We had the chance to talk to EMVIO Team Member Arina, a graduate student at the Ryazan State Radio Engineer University, about further research on EMVIO watches and viewing movies. While we are working on bringing EMVIO to the general market, this watch can be used as a research tool, and it will open the door to evaluating and assessing people’s emotional reactions.
Q: Tell us about your experiment.
Arina: We were interested in using EMVIO to see how people react to short films, how their stress changes during the film. Short films are very convenient to use as emotional stimuli because they don’t last more than 10 minutes, and the plot is maximally compressed with one idea embedded in there. This is what it takes to rock the audience’s reaction and but not have them tire of it.
Q: What film did you choose for this trial?
Arina: I chose one I really liked. It’s a cartoon called The Maker by Christopher Kezelos. [You can see this film on YouTube.] It got more than three million views! It’s in stop-motion style and is about a strange, rabbit-like being who’s in a race to create the most beautiful and important thing in his life. It’s a trivial plot but includes a magnificent performance, love of detail, and an amazing soundtrack. This film evokes a range of emotions.
Q: How exactly did you set up the experiment?
Arina: To study the emotional reactions we used a stand that was specially designed by our team, by Anton in particular. We could detect the pulse using EMVIO, facial expressions using an HD webcam, and a single-channel EEG (an electroencephalogram shows brain activity) using a headset called a Neurosky MindWave.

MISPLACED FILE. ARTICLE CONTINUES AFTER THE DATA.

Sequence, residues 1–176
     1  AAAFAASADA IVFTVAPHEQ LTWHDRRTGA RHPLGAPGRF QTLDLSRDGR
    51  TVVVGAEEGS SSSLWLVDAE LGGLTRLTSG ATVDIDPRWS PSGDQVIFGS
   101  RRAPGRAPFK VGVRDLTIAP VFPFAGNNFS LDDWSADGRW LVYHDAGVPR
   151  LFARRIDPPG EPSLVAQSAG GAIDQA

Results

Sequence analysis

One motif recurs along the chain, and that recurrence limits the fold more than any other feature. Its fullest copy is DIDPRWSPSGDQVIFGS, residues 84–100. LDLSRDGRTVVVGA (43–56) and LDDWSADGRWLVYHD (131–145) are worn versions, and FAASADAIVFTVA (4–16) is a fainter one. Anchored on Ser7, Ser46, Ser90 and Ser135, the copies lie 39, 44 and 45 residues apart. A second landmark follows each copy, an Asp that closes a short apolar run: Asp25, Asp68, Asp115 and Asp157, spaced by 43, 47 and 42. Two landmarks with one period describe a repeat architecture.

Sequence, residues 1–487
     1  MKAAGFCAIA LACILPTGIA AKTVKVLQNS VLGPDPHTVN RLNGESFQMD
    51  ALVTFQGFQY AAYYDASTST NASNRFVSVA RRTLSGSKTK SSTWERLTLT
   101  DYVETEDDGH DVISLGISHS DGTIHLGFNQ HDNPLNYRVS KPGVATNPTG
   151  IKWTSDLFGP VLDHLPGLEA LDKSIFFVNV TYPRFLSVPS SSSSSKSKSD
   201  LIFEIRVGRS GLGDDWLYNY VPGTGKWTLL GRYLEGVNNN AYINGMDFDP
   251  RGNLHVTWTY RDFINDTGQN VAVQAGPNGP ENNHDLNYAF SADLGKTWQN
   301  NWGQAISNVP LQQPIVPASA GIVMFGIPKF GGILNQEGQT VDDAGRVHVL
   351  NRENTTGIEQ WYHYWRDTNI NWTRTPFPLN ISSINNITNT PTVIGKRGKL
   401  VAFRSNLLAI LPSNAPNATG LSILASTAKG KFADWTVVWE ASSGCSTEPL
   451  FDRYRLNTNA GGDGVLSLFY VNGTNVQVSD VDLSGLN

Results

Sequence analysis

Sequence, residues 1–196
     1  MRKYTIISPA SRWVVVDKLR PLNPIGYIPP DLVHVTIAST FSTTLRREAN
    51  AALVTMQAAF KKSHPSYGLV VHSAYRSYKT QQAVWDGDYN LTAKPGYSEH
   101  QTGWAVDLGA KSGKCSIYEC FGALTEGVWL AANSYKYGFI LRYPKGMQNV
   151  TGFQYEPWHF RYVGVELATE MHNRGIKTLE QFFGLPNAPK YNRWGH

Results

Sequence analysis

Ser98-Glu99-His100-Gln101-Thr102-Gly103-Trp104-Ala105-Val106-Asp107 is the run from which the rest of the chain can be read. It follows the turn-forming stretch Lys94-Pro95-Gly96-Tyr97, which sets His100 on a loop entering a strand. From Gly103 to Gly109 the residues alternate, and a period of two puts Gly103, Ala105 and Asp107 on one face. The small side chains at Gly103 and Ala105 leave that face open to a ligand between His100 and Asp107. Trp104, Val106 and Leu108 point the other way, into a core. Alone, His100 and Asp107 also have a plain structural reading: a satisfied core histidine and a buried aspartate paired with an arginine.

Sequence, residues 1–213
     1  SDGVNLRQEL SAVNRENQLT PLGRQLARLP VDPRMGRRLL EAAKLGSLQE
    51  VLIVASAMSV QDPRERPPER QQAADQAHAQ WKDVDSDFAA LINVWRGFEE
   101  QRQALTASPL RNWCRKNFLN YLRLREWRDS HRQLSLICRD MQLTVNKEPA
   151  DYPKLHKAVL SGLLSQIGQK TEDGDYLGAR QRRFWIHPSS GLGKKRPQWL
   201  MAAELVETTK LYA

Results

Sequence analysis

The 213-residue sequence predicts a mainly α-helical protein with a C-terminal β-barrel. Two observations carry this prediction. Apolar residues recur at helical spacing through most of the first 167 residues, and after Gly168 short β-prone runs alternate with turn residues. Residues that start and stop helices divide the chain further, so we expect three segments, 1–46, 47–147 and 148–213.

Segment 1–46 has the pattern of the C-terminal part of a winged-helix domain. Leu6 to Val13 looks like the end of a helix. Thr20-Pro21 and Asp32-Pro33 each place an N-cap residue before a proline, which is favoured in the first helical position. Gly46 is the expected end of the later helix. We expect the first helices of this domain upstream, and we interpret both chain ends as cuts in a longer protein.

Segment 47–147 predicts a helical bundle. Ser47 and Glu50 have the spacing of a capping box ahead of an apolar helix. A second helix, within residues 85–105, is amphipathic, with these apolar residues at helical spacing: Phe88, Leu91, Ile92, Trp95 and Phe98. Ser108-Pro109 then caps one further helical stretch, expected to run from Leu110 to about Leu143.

Q: Tell us about the people whom you selected.
Arina: I was able to test 22 people - seven men between the ages of 20-34, and fifteen women of the same age range. The average age was 25 years. Before viewing the film, I took measurements for about 30 seconds while the subjects were getting ready for the film. While watching the film, the subjects’ stress curves were recorded and then all the curves were normalized on a scale from 0 to 1 for ease of comparison.
Q: And after the experiment?
Arina: I processed data, and was able to build a “thermal stress index.” Heat maps are well suited for visualizing large amounts of data and are useful when you compare this type of data. Red indicates the moment of maximum stress, and green, the minimum. See [in the graph below] how high stress responses coincided in some subjects, and the highest stress in many subjects occurred when the creature began to play the violin?
Q: What about the subjective results? How did the subjects feel?
Arina: I did ask the subjects about the emotions they felt while watching the film. Quite a few subjects (nine!) cried, and their graphs on the heat map showed the actual tears. I’ve put together a few choice quotes.
Q: In your eyes, how did EMVIO perform?
Arina: Without exception, the audience would be strongly emotionally charged after such a short film. I saw for myself that the technology embedded in the EMVIO is not just different because it shows if a person is stressed or not. It lets you see the emotional reaction of the person, their responses to watching feature films and commercials.
To me, it’s a fantastic tool because we can draw conclusions about what content interests an audience, and what specific moments trigger positive or negative reactions. We think that EMVIO might interest advertisers and film producers.
In the end, we on the EMVIO team are excited to see this stress-measuring watch in action, and being utilized by a range of people in different fields. It’s been fascinating to watch films using EMVIO, and soon you will be able to test your own favorite movie experiences and compare your reactions with others.
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Stress management with Emvio